Rameez Rahman

Learn More
Distributed systems without a central authority, such as peer-to-peer (P2P) systems, employ incentives to encourage nodes to follow the prescribed protocol. Game theoretic analysis is often used to evaluate incentives in such systems. However, most game-theoretic analyses of distributed systems do not adequately model the repeated interactions of nodes(More)
Most P2P systems that have any kind of incentive mechanism reward peers’ contribution in terms of uploaded volume. Due to the disparity in bandwidth capacity between P2P users on the Internet, the common effect of such mechanisms is that the fastest peers reap the highest benefits. We take a different approach and study how to incentivize cooperation in P2P(More)
BitTorrent is a highly popular peer-to-peer filesharing protocol. Much BitTorrent activity takes place within private virtual communities called “Private Trackers” a server that allows only community members to share files. Many private trackers implement “ratio enforcement” where the tracker monitors the upload and download behaviour of peers. If a peer(More)
Many P2P systems have been designed without taking into account an important factor: a large fraction of Internet users nowadays are located behind a network address translator (NAT) or a firewall, making them unable to accept incoming connections (i.e. unconnectable). Peers suffering from this limitation cannot fully enjoy the advantages offered by the P2P(More)
Cloud computing has become pervasive due to attractive features such as on-demand resource provisioning and elasticity. Most cloud providers are centralized entities that employ massive data centers. However, in recent times, due to increasing concerns about privacy and data control, many small data centers (SDCs) established by different providers are(More)
Many private BitTorrent communities employ Sharing Ratio Enforcement (SRE) schemes to incentivize users to contribute their upload resources. It has been demonstrated that communities that use SRE are greatly oversupplied, i.e., they have much higher seeder-to-leecher ratios than communities in which SRE is not employed. The first order effect of oversupply(More)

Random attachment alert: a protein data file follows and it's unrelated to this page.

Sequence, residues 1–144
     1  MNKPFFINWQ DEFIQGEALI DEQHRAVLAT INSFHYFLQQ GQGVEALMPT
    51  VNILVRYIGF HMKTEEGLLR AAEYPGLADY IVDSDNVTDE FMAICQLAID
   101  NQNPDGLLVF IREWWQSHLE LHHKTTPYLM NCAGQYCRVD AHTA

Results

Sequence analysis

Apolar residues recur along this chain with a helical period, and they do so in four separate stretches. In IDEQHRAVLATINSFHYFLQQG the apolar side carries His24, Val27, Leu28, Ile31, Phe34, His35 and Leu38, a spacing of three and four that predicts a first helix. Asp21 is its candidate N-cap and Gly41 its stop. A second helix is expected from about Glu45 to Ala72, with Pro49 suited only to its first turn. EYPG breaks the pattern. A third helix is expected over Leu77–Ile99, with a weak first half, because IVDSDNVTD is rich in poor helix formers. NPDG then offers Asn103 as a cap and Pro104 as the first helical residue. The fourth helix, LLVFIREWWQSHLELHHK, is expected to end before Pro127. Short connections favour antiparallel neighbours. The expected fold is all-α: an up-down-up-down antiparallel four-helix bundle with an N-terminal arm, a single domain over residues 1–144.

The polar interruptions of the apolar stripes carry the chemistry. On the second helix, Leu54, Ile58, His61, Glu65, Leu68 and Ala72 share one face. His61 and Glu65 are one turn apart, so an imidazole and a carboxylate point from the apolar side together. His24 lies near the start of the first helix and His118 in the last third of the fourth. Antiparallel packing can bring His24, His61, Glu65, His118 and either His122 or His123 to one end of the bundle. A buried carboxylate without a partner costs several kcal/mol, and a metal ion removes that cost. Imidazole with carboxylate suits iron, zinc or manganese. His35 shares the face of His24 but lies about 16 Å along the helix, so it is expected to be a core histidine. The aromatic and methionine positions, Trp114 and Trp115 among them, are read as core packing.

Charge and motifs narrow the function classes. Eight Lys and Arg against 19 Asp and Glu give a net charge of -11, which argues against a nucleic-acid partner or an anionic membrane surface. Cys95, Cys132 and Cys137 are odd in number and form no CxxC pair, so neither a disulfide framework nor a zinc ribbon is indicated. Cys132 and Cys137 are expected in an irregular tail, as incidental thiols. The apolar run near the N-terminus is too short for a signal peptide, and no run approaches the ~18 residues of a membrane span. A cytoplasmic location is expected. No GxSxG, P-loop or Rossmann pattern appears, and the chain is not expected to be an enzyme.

Many peer-to-peer file sharing communities implement credit policies to incentivise users to contribute upload resources. Such policies implicitly assume a user model - how the user controlling each peer behaves. We show using an agent-based model that credit policies, based on bandwidth contribution, and a selfish user model, can lead to both(More)
Due to the abundance of attractive services available on the cloud, people are placing an increasing amount of their data online on different cloud platforms. However, given the recent large-scale attacks on users data, privacy has become an important issue. Ordinary users cannot be expected to manually specify which of their data is sensitive, or to take(More)
Third party apps that work on top of personal cloud services, such as Google Drive and Dropbox, require access to the user’s data in order to provide some functionality. Through detailed analysis of a hundred popular Google Drive apps from Google’s Chrome store, we discover that the existing permission model is quite often misused: around two-thirds of(More)
The explosion of freely available media content through BitTorrent file sharing networks over the Internet means that users need guides or recommendations to find the right, high quality, content. Current systems rely on centralized servers to aggregate, rate and moderate metadata for this purpose. We present the design and simulations, using real(More)